The Madras High Court has restrained the State government and the Hindu Religious and Charitable Endowments (HR&CE) Department from forcing 20 financially stable temples to spare ₹10 crore from their surplus funds for the renovation of 1,000 village temples spread across the State.
Justices M. Sathyanarayanan and R. Hemalatha made absolute an interim order of status quo granted by another Bench, led by Justice M.M. Sundresh, on July 27. The interim order was granted following a public interest litigation (PIL) petition filed by Rangarajan Narasimhan of Srirangam.
Subsequently, when the case was listed along with a batch of other similar cases filed by T.R. Ramesh of the Indic Collective Trust and others, the Bench led by Justice Sathyanarayanan took serious note of the petitioners’ complaints that many temple lands in the State had been sold for throwaway prices.
“Though it is submitted by the learned Government Advocate (HR&CE) that a counter affidavit has been filed, this court is of the considered view that a satisfactory explanation has not been put forth,” the Division Bench observed, and stated that a proper explanation should be provided by December 1.
The judges also warned that they would have no other option but to direct the HR&CE Department Secretary and Commissioner to personally assist the court whenever the hearing of the batch of cases take place, and if the counsel representing the department does not provide a satisfactory explanation.
In his affidavit, Mr. Narasimhan had pointed out that Chief Minister Edappadi K. Palaniswami had made an announcement in the Legislative Assembly on March 24 for providing ₹10 crore to renovate 1,000 financially unstable village temples under the control of the HR&CE Department.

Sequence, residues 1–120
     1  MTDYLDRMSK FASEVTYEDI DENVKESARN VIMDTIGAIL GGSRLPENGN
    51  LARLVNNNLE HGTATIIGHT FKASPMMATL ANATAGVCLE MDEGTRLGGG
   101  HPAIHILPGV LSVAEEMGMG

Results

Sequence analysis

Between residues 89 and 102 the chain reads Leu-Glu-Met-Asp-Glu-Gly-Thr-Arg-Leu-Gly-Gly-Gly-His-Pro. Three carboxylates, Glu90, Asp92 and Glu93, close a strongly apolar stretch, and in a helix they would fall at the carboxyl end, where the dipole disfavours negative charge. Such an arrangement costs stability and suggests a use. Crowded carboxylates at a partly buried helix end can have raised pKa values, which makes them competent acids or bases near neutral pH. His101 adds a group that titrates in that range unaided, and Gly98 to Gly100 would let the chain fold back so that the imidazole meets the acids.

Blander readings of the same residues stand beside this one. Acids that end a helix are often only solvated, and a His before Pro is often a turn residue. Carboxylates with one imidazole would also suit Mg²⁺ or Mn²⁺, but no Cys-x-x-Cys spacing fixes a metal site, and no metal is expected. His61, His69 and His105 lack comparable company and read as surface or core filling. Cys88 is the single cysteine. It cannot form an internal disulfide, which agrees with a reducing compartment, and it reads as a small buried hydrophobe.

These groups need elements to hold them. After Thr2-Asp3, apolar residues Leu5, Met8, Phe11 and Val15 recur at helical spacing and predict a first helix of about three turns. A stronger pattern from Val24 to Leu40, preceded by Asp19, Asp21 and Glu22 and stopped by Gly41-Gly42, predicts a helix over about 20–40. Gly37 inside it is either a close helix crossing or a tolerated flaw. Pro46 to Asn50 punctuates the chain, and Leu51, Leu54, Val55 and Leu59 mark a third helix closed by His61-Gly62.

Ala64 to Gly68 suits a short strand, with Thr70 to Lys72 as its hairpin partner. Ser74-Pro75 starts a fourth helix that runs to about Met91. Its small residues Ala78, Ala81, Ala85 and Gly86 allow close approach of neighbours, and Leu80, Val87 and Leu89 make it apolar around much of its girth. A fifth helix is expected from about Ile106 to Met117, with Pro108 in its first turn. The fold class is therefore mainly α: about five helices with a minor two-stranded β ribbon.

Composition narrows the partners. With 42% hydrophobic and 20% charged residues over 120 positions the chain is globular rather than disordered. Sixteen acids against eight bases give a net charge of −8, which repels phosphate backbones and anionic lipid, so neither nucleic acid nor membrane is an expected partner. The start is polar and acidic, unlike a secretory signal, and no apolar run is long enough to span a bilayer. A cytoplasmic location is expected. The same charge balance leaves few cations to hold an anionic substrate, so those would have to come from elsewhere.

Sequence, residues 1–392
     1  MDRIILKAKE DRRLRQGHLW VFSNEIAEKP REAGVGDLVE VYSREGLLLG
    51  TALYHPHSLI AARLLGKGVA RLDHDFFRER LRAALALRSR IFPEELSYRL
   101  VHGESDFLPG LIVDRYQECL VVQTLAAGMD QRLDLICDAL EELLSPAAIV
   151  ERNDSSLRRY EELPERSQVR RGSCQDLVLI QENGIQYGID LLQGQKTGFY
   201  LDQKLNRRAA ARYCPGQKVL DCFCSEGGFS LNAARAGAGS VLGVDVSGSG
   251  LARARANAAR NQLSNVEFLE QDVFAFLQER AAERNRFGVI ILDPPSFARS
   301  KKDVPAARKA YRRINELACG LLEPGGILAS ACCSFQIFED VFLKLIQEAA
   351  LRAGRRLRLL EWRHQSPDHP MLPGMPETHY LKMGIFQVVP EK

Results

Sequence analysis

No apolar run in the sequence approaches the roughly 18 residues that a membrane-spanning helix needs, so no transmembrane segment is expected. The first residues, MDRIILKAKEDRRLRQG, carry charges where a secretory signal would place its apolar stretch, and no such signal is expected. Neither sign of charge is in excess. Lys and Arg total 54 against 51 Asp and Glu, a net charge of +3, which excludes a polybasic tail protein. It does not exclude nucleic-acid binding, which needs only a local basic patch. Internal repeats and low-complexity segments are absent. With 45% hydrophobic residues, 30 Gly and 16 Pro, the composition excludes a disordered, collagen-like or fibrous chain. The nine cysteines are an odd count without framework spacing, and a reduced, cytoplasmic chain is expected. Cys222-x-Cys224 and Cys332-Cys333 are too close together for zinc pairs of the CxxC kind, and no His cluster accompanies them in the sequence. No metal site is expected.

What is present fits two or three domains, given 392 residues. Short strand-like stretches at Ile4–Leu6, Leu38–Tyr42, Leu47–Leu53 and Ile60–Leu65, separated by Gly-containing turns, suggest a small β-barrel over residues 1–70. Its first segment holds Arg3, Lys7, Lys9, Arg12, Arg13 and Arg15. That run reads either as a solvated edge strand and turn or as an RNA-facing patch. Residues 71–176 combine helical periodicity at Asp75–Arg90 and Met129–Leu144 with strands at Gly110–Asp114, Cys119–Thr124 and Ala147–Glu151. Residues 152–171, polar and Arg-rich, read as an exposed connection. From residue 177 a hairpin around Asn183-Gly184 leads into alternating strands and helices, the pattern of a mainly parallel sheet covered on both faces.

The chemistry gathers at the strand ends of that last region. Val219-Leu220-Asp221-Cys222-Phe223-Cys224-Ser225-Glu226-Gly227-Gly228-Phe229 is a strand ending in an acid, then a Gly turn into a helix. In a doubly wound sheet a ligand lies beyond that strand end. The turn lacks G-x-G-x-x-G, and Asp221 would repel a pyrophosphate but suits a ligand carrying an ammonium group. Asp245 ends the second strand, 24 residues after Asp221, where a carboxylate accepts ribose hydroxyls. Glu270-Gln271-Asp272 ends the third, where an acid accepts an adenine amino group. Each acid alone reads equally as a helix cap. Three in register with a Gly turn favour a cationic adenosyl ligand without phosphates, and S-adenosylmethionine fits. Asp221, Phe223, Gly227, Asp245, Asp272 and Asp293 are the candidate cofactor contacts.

Subsequently, the HR&CE Commissioner forwarded a proposal to the government to pool in the money from surplus funds of financially stable temples. The proposal was accepted and a Government Order was issued on May 15. It was followed by the HR&CE Commissioner’s June 26 proceedings for using about ₹25 lakh to 1 crore from the surplus funds of 20 temples.
Questioning such a directive issued by the HR&CE Commissioner, the petitioner said the HR&CE Act empowered the Department to only have supervisory control over the temples which should otherwise be managed by their individual board of trustees. Any decision on parting with surplus funds should emanate from the temple management, he said.
Other litigants before the court accused the HR&CE Department of mismanaging the properties and funds of various temples in the State.